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It won’t happen in 2023 | A robot capable of understanding us



What if, rather than predicting 2023, our columnists instead tried to imagine what won’t happen?

It’s been proven that the simple act of smiling is good for your health, both mental and physical. Since I have your well-being at heart, let’s start with a confidence that will relax, I imagine, the muscles of your face.

A few years ago, when companies started offering us the ability to chat with their customer service in writing, on their website, I thought there were humans on the other end. All roped into a room – it was before the fashion for telecommuting – I imagined them typing frantically on their keyboards.

So I started the conversations with a nice “Hello” and I took care to add “please” and “thank you” to my questions. Until the day I understood why no one ever answered me properly and why I was systematically wasting my time during these absurd conversations.

It was not because my interlocutor was not French-speaking or that he was incompetent. I was dealing with robots that my politeness hardly moved.

Pictures of people wearing headsets with microphones were just a decoy.

It’s called a chatbot, my tech-savvy colleague Karim Benessaieh told me. The neologism has been translated as “conversational robot (or agent). We say “robot”, but in reality, it is a computer program designed to simulate a conversation between humans. I didn’t believe there were robots sitting in front of computers, don’t worry!

Admittedly, some companies do hire humans to respond to written customer requests – that reassures me a little about my level of naivety – but that would be the exception. Besides, I haven’t had the chance to experience this type of conversation very often.

So far, all my attempts to troubleshoot these software have ended in failure. It wasn’t much more convincing with simple questions.

So I have no hope that things will change in 2023 and that these robots will be able to effectively perform the work of a human in customer service. It won’t happen, to use the title given to this series of texts.


A conversation between our columnist and a chatbot

First, because progress in recent years has been very slow. At this snail’s speed, it would take an improbable technological miracle for the effectiveness of chatting to suddenly become amazing. This is even truer in French. Moreover, it happened to me on certain sites to have access to the service – if you can call it a service – only in English.

Even though the software ChatGPT makes headlines and wows these days by composing intelligible (albeit full of misinformation) texts, solving consumer problems requires a different level of skill. It’s more complicated. There is sometimes a history, notes in the file. And, above all, a customer to satisfy, which ideally requires tact, judgment and a certain amount of latitude.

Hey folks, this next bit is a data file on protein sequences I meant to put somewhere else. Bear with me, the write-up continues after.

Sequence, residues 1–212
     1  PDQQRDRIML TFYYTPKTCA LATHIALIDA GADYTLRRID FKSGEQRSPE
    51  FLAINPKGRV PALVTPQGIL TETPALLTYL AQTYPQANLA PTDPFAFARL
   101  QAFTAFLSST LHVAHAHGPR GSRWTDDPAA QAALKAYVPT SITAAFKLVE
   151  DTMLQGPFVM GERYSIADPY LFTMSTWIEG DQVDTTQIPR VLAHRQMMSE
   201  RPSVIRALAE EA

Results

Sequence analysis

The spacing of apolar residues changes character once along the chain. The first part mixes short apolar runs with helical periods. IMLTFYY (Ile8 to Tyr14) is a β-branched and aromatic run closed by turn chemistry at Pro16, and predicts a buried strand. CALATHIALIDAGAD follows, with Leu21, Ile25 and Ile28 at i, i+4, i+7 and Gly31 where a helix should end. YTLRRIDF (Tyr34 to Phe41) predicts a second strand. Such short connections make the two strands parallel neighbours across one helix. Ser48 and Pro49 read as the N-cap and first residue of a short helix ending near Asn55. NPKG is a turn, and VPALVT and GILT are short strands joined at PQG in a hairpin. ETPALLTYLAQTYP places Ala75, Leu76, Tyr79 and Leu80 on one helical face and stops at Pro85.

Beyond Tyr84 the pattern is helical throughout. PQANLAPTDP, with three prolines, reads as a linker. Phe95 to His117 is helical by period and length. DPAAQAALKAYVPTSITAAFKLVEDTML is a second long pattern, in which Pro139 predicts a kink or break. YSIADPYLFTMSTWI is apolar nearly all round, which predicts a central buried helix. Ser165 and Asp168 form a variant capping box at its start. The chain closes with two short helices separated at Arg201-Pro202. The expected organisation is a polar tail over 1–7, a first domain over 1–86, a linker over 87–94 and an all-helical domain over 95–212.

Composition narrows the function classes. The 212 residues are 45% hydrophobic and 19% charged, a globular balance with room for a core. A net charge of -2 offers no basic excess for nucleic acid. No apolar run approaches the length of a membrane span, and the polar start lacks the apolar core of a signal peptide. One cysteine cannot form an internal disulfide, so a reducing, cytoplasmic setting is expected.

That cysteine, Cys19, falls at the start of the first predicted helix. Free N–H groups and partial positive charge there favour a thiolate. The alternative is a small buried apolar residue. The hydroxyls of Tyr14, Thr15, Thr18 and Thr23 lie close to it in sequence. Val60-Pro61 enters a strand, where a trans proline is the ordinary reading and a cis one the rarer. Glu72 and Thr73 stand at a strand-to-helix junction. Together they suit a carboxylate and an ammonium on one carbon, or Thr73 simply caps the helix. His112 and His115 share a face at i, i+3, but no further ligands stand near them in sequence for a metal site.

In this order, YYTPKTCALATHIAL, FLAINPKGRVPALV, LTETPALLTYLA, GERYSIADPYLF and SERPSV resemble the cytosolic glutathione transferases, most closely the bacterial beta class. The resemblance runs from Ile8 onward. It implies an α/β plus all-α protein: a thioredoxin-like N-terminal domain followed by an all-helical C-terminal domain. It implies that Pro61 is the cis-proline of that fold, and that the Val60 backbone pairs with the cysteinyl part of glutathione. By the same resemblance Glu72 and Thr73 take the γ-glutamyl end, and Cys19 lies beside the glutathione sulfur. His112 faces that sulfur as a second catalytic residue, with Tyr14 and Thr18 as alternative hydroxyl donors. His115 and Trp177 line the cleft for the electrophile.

It is not uncommon for it to be difficult to make yourself understood by telling your problem on the phone. So imagine in a chat. We see it with text messages: how many times have you written something that has been misunderstood?

The more complex it is, the less likely a robot’s response is to be adequate.

This technology, which is not devoid of interest, is above all effective in leading the consumer directly to a web page containing the information sought. By typing in the phrase “opening hours”, a robot answered me instantly: “Enter the name of your city or your postal code and I will show you our nearest stores! Then a map appeared with the address, phone number and opening hours. Nothing that Google wouldn’t have done, mind you.

As robots get better, we need to tame them to ask our questions effectively. Paragraphs full of details do no good. But this learning is far from self-evident for many people.

The idea of ​​contacting companies without having to press 1 for this and 2 for that is certainly appealing. Especially since the robots work 24 hours a day, 7 days a week, which in theory makes it possible to obtain answers at any time. But it shouldn’t be the only option available to consumers given the limited capabilities of the technology.

The problem is that it is increasingly difficult to talk to humans, in particular because of the shortage of manpower, so much so that we no longer have much choice to turn to the Web. Or we try the blow of the written conversation in the hope of saving time. But most of the time, the robot prompts us to contact customer service and the experience is disappointing.

A suggested first question to ask: are you a human or a robot?

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